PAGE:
Bird-friendly coffee like Birds & Beans is grown under the shade of trees and doesn’t contribute to deforestation. It’s a fitting brew to sip while reading Richard Powers’ epic love letter to trees, which spans the lives of nine characters and about 23 hours of listening time for you fellow audiobook fans. Settle down, brew yourself a pot, and imagine you’re sitting at the base of your childhood tree as you start the narrative’s journey.

Read: A Head Full of Ghosts by Paul Tremblay 

Drink: Dark Magic dark roast from Green Mountain Coffee Roasters 

Dark Magic is a staple of Keurig machines everywhere – just like how demon possession is a long-running horror trope. And to horror nerds like me, there’s something magical about the meta-narrative on the genre that you’ll find within the pages of A Head Full of Ghosts. The story is creepy enough on its own, but the references to Shirley Jackson, H.P. Lovecraft, The Exorcist, and contemporary horror writers will raise your spirits like a strong, hot drink on a cold winter night. If you love darkness, you’ll enjoy this unholy matrimony of book and brew.

Read: Good Omens by Neil Gaiman and Terry Pratchett 

Drink: Black and Tan from Eight O’Clock Coffee Company 

Angels and demons, good and evil, stark prophecy and satiric comedy are blended together in Good Omens, a collaboration from two prominent fantasy authors. It’s only fitting to accompany it with the bold and mild blend of Black and Tan. The laugh-out-loud jokes are delightful dollops of cream and sugar – and when you’ve drunk the last drop, you can have a second helping by watching the Amazon Prime miniseries.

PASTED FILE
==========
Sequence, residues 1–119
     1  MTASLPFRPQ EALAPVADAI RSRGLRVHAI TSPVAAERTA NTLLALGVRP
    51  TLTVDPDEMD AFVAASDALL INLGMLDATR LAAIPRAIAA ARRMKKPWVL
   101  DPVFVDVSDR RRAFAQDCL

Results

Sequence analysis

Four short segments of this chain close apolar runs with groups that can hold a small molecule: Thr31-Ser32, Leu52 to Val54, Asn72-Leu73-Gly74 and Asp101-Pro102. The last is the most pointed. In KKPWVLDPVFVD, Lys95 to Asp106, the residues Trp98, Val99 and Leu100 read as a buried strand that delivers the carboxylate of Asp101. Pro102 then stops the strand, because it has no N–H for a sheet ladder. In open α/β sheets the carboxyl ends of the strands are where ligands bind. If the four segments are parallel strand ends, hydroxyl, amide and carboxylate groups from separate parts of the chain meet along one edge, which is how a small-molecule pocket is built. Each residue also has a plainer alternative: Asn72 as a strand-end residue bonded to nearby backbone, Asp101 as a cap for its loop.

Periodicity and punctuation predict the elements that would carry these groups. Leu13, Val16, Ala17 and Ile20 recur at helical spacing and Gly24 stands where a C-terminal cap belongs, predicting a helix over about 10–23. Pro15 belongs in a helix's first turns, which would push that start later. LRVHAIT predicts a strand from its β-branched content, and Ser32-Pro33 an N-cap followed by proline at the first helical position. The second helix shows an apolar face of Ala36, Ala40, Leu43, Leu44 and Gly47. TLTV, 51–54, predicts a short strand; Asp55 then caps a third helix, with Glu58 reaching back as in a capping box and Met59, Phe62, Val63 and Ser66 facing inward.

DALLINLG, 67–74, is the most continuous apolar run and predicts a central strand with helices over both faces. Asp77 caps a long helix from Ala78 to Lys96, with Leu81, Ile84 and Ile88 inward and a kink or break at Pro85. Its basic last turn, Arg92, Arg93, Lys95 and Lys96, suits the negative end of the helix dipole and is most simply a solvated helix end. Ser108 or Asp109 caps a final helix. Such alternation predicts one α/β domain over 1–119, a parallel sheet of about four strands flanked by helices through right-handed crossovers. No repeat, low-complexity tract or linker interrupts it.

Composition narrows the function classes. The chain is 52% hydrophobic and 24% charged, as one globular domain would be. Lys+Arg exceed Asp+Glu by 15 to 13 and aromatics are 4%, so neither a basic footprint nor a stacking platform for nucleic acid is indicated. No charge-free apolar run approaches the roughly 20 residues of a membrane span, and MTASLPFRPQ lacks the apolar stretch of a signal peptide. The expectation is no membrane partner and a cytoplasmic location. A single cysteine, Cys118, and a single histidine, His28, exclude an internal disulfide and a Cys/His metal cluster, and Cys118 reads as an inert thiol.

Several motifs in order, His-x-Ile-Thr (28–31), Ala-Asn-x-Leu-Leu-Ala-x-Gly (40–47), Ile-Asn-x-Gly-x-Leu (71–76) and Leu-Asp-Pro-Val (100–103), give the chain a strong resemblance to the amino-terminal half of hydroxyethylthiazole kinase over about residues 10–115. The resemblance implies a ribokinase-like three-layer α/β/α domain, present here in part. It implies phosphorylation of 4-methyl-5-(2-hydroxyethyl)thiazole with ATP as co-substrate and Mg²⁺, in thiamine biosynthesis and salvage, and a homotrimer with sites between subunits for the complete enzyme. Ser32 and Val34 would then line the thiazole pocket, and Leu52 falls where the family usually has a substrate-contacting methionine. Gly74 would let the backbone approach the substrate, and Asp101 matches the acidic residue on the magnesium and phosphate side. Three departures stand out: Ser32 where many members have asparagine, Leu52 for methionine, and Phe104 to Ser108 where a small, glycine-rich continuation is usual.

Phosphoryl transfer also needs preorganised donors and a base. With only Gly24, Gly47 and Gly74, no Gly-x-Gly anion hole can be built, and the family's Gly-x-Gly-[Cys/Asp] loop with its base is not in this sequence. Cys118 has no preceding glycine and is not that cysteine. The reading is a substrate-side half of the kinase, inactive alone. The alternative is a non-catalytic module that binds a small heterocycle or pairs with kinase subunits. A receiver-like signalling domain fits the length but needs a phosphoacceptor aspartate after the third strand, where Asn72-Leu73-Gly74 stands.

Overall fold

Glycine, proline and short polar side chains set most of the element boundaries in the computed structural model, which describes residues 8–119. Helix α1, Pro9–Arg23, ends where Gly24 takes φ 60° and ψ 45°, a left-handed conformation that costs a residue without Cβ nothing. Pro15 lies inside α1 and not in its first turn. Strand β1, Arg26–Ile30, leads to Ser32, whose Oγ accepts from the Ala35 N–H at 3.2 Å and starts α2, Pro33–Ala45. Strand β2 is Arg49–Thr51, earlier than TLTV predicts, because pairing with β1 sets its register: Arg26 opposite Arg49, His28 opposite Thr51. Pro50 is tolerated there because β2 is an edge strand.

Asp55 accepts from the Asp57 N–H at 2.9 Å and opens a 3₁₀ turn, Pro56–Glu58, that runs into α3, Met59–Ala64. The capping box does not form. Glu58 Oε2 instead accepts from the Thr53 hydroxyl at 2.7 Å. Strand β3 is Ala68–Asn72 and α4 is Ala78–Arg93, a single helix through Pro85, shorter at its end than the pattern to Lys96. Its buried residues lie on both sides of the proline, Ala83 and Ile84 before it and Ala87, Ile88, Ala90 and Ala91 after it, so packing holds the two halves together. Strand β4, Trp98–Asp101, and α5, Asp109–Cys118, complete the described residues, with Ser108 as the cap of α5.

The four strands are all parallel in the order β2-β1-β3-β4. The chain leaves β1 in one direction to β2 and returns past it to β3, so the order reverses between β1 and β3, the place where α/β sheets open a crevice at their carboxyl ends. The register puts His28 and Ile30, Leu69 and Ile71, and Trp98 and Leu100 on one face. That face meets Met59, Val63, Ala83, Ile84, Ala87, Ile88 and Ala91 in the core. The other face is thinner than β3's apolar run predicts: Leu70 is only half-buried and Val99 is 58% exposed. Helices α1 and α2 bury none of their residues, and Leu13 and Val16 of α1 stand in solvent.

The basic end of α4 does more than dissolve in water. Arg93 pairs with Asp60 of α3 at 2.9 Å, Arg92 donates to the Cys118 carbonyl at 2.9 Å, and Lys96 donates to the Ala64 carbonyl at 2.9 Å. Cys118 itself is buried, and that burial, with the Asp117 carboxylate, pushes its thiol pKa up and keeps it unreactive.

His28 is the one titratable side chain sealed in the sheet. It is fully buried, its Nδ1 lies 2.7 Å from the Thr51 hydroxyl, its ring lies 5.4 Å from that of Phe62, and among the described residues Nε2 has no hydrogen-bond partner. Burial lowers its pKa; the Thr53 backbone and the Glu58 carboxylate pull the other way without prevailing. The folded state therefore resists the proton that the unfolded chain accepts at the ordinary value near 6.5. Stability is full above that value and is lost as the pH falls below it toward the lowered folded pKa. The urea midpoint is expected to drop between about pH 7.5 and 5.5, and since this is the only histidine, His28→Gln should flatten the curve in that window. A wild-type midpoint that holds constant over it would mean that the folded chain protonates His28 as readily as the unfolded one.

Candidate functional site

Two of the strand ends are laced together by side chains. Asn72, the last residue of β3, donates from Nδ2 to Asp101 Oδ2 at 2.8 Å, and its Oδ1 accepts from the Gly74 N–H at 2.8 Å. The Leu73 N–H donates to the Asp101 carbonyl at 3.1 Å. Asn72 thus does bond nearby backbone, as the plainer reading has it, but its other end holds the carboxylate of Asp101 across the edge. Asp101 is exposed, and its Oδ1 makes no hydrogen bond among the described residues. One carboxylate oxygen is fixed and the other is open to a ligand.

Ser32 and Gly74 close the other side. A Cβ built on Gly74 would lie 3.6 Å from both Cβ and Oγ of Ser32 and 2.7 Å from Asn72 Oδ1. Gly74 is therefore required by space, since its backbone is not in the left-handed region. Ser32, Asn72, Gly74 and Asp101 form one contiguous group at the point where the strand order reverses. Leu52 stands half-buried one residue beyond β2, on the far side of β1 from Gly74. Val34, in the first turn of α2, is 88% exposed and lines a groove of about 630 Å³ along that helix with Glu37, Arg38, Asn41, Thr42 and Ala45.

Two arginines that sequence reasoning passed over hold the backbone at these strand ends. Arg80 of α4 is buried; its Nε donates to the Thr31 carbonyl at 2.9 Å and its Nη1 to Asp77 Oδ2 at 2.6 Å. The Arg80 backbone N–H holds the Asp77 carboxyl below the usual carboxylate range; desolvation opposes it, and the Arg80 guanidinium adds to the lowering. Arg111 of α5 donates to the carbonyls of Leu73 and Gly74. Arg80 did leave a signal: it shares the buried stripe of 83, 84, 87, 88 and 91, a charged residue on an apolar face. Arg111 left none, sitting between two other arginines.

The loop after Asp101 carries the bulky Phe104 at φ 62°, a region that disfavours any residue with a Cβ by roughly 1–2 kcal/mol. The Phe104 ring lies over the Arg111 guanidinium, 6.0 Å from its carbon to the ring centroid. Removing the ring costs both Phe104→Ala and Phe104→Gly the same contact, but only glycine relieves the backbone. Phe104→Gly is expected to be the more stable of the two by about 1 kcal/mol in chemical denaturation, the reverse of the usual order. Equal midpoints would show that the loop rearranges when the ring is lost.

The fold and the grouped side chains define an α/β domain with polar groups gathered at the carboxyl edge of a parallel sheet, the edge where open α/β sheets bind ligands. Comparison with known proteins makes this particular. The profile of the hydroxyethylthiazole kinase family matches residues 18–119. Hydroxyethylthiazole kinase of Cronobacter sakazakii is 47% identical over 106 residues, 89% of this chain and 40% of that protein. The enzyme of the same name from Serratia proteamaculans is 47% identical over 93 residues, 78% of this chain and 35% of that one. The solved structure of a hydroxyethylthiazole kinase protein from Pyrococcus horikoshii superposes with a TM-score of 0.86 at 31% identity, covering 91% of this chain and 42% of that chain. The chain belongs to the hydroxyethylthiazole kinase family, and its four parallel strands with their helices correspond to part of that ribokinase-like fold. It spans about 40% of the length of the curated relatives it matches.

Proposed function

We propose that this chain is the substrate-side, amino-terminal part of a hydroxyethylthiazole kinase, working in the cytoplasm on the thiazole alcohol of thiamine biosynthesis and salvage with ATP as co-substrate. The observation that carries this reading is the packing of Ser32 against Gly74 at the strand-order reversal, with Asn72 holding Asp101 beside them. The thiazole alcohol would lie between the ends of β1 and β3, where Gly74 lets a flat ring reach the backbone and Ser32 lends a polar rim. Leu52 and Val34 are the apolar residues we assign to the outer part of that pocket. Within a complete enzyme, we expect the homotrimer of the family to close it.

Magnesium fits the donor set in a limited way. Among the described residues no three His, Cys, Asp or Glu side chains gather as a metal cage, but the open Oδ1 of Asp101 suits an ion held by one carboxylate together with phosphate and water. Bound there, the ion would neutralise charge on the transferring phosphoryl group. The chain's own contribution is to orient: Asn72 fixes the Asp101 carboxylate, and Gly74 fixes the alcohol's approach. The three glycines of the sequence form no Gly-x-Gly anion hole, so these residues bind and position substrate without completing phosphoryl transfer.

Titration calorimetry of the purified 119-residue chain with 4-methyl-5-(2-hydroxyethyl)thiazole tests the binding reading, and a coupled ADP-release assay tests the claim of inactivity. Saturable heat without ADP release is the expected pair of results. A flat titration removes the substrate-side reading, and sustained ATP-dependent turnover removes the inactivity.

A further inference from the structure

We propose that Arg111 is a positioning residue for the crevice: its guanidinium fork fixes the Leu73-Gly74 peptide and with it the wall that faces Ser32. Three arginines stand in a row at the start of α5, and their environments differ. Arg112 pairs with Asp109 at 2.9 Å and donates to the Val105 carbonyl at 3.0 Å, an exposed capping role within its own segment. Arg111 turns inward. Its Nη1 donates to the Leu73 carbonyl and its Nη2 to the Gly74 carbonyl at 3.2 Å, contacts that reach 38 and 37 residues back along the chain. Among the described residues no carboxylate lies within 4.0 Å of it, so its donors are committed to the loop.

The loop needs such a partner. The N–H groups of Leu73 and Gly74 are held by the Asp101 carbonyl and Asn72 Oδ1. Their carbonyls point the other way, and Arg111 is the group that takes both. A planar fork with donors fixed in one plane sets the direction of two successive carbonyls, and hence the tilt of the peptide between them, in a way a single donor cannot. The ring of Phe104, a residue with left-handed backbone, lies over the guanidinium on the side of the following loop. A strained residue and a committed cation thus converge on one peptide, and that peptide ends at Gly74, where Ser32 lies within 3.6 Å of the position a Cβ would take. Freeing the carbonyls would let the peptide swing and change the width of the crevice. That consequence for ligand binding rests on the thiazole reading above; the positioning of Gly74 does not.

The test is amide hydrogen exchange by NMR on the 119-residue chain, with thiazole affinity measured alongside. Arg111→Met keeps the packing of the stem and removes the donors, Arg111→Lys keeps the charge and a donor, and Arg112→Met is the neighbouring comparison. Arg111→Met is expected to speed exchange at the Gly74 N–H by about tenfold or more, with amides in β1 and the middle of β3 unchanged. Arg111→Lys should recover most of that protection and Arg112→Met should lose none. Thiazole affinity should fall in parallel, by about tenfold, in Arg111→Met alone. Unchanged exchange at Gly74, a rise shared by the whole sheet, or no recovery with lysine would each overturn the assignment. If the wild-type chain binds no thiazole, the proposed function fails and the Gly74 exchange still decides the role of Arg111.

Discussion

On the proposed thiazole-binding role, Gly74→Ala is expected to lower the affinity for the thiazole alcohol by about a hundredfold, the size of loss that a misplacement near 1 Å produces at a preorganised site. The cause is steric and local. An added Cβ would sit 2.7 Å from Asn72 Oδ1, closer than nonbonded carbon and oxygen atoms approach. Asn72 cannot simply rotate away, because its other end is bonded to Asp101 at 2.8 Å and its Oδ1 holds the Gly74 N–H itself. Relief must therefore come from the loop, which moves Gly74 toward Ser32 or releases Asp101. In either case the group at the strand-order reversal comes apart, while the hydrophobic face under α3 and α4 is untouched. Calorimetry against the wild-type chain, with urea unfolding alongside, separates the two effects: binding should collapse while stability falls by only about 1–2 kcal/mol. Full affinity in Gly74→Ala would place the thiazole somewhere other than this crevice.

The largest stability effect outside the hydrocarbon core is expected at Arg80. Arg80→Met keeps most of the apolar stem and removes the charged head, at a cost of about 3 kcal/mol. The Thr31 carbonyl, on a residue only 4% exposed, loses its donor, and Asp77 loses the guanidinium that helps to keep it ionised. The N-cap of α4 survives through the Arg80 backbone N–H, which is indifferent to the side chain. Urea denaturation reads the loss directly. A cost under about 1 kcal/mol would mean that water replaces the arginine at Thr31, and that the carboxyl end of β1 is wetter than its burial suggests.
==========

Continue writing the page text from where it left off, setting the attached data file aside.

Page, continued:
Read: Bad Feminist by Roxane Gay 

Drink: Veranda Blend blonde roast from Starbucks 

Like the aesthetics of those blonde, sun-kissed Californian twins in the Sweet Valley High books, books which Roxane Gay devoured as a teen and scrutinized with her cultural commentary as an adult author, I find light roasts bland, ubiquitous, and unsatisfying. (If I’m feeling especially contrarian, I might say the same about Starbucks as an institution.) My distaste for light roasts – and the marketing for this one nods to both unattainable beauty standards and classism! – makes it the perfect tag-along while Gay pokes holes in pop culture, politics, feminism, and other topics in this book of essays.

In all fairness to Veranda Blend, this month’s book club hasn’t met yet, so I haven’t tried it. The blend may throw me a major twist like the best thrillers, or offer me that cloying tannic quality euphemized as “fruitiness,” like a well-reviewed literary novel that falls short of expectations. What will you be sipping when you curl up with your next read? (Or Netflix. No judgment.)

A Cheesy Holiday

There are only 365 days in a year, but it seems as if there are a million “holidays” assigned to them, some of them bordering on ludicrous (National Ask Your Cat a Question day?). 

January 20 is National Cheese Lovers Day. January 2 was also National Swiss Cheese Day, which, all things considered, must make it a truly Holey Day.  (Yes, that was cheesy).